During the pandemic and now afterwards, my wife and I have had a variety of home improvements done. We decided that in retirement our current abode will suffice (with minor modifications) until final preparations will need to be made. So, we have ushered in those improvements and I often have watched the workmen do their work in awe of their specific skill sets.
As I have watched this work being done, I have been reminded of the adage attributed to careful carpenters – “measure twice, cut once.” Double check what you are doing before you make a final cut (choice, decision) that might lead to a significant error or waste. Today’s lumber prices are high, so you don’t want to waste wood. Yet even more important than wastage is the possibility of shoddy work or work that has untoward consequences.
In my field of medicine, “measure twice, cut once” has great applicability. It applies obviously to the specialty of surgery where precise measurements are needed prior to any incision and repairs require equal accuracy.
In non-surgical specialties, equal attention to exactness is necessary. Measure twice can mean a variety of things – double check drug dosing, check for potential side effects, make sure of lab reports, double check the diagnosis, check for alternative methods of therapy, and on and on. Cut once therefore becomes a metaphor for being as careful as possible, being as precise as possible and being as empathic as possible in the course of practicing medicine.
“Measure twice, cut once” has broad application beyond the narrow discussion above. If we don’t consider the response of our words and deeds (“measure twice”), the actions (“cut once”) will often put your relationships in jeopardy and make reconciliation very difficult going forward. Ill-conceived or hateful comments or actions toward others will turn them against us. And likewise, ill-conceived or hateful comments or actions toward us will turn us against them. We are then on a vicious spiral of poisoned interactions.
Comments such as “I don’t think that I can ever forgive you,” “You don’t mean it. You’re not really sorry,” or “When will you ever learn?” will usually ensue. Expressions such as these are repeated in households and workplaces everywhere every day of the week. We humans are social beings, and social beings interact. Interactions inevitably will lead to some conflict. I think our ability to resolve those conflicts defines our “success” in life, our ability to work with and for others. At the heart of conflict resolution is the art of forgiveness, especially if the “measure twice, cut once” strategy was flawed.
While conflict might be inevitable, it is how we deal with conflict that really demonstrates our ability to make a positive contribution to our community. It has also been said that the best carpenter is not necessarily the one who does the best work the first time, but the one who can fix their mistakes the best.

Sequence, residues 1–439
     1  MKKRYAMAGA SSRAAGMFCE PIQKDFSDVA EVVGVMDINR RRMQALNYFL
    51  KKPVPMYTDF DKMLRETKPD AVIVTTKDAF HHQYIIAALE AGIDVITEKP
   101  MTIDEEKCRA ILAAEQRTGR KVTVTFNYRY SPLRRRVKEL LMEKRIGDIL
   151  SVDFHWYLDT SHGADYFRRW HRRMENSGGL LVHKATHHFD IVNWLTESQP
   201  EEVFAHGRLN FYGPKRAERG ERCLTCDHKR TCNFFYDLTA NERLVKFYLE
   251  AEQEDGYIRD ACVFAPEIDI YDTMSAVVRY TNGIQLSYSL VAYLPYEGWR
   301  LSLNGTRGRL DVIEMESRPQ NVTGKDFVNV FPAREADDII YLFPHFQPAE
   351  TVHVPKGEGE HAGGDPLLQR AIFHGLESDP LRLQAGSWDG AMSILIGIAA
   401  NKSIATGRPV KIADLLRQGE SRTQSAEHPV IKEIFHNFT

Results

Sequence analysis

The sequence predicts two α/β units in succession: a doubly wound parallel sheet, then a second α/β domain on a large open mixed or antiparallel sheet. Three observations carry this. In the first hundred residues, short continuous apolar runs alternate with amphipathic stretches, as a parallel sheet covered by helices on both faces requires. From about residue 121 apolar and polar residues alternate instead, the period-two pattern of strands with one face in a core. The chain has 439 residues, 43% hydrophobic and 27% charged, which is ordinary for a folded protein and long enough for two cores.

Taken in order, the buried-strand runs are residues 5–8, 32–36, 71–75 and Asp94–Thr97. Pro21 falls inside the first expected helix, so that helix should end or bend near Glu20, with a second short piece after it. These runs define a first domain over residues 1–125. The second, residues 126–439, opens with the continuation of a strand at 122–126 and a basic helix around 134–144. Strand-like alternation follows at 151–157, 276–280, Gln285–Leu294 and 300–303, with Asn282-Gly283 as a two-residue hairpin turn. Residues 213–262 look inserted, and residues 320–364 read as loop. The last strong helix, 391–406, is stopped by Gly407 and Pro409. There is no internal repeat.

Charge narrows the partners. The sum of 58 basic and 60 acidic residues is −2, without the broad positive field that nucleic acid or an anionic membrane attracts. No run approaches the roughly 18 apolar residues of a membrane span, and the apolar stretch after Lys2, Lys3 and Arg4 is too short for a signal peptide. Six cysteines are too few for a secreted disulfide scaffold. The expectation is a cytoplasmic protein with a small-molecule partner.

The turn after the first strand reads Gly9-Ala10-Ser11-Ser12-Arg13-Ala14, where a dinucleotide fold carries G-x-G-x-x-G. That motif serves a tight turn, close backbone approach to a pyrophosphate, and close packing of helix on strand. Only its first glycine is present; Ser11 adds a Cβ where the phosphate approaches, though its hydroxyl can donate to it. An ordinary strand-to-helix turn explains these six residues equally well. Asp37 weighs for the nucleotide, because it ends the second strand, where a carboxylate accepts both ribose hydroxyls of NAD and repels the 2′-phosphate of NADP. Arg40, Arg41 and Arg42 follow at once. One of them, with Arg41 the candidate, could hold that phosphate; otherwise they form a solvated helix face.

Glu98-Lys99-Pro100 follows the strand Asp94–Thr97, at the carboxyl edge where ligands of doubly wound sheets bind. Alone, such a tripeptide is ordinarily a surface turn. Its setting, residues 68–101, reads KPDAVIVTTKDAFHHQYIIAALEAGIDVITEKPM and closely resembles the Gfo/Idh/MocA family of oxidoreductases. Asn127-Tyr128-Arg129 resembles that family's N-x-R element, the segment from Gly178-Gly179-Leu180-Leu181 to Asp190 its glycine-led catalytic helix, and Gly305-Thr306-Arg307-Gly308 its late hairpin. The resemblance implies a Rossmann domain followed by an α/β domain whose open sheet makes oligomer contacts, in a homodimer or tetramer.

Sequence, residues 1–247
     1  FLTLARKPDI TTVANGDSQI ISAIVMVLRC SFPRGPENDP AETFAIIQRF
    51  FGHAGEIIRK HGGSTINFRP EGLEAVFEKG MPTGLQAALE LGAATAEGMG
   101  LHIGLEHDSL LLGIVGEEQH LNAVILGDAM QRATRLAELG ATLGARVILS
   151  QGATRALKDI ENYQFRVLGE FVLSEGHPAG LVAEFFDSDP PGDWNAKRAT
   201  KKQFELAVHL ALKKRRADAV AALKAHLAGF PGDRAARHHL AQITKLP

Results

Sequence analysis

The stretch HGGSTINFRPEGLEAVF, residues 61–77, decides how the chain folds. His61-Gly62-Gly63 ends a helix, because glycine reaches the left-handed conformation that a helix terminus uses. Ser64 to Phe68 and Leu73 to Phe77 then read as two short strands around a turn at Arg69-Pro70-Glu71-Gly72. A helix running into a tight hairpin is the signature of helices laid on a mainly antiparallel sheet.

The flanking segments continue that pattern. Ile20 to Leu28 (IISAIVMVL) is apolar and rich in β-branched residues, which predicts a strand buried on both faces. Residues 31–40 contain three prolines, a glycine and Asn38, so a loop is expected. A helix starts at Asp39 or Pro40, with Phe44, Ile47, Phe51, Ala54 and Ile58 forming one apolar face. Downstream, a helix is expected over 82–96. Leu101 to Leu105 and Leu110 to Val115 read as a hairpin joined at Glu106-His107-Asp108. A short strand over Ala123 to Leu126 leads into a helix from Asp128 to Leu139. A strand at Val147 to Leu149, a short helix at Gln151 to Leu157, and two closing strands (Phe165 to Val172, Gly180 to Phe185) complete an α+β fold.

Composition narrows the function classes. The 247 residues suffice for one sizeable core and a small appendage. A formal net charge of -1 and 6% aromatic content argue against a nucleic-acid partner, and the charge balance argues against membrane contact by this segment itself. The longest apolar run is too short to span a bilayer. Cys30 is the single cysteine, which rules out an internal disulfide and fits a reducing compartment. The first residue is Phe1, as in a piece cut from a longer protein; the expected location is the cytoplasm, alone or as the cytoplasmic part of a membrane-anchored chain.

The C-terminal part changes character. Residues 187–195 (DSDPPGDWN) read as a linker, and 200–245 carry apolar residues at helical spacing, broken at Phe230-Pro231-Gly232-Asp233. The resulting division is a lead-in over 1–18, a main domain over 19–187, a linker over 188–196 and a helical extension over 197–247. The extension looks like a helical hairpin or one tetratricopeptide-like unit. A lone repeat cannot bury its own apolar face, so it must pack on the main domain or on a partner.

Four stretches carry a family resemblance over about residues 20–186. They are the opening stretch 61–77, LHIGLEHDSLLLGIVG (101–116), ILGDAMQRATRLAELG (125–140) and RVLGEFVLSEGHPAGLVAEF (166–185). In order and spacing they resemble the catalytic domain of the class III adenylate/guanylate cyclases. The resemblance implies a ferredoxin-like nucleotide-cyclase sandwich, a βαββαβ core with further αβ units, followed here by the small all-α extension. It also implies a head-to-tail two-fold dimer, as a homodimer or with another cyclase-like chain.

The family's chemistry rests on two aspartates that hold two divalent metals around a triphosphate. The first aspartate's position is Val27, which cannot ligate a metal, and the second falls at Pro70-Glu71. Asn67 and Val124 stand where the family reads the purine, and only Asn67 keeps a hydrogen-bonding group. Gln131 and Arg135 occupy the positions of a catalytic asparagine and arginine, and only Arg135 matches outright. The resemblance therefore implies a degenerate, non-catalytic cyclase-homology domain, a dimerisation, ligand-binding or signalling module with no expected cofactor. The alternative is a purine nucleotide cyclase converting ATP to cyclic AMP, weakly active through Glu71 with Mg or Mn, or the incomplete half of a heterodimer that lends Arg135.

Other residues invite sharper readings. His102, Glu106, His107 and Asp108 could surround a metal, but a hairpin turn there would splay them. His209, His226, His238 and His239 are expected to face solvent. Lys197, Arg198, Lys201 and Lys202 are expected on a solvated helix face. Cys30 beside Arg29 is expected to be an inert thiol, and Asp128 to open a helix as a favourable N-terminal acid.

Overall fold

Cut once becomes a metaphor for being as careful as possible, being as precise as possible & as empathic as possible in the course of practicing medicine. Click To Tweet
I think the same analogy holds for interpersonal and social relationships. Our ability to fix our individual “mistakes” and the “mistakes” of our community help us to move on in our lives. Recognizing that we will make mistakes is the first part. When the mistakes occur, then we can work to correct the problems asking for forgiveness for ourselves and extending forgiveness to others. Additional components to successful forgiveness are sincerity (truly meaning what you say and do) and humility (acknowledging that we are all equal in God’s eyes).
I have previously discussed different stages of forgiveness, from childhood to adulthood (check out this article, called How To Move Forward and this one called Why Forgiveness). I now realize that that view is naïve. Even when we become adults, we still have several stages to go through in learning forgiveness. And adults often seem to have more difficulty with forgiveness, more than children or adolescents! Adults seem to think that words will sometimes suffice to express their forgiveness or their request for forgiveness. Words are just the promise of our actions.
“When the mistakes occur, then we can work to correct the problems asking for forgiveness for ourselves and extending forgiveness to others.”
Deeds demonstrate our true resolve and show how we care about our loved ones and others. Adults (myself included) take “baby-steps” down the road to learning true forgiveness throughout our lives. The more steps we take with sincerity and humility and the more steps we take using deeds as the expression of our words and thoughts gets us closer to really learning the meaning of forgiveness. I’m convinced the latter is our lifetime quest.
Let’s all be the best carpenters we can be. Step one is to “measure twice, cut once.” Mistakes will still be made so step two must be to fix our mistakes to the best of our ability. It is fitting that Jesus was the earthly son of a carpenter, Joseph. He manifested the ultimate ability to forgive with sincerity and humility. We all have a lot to learn as we practice forgiveness.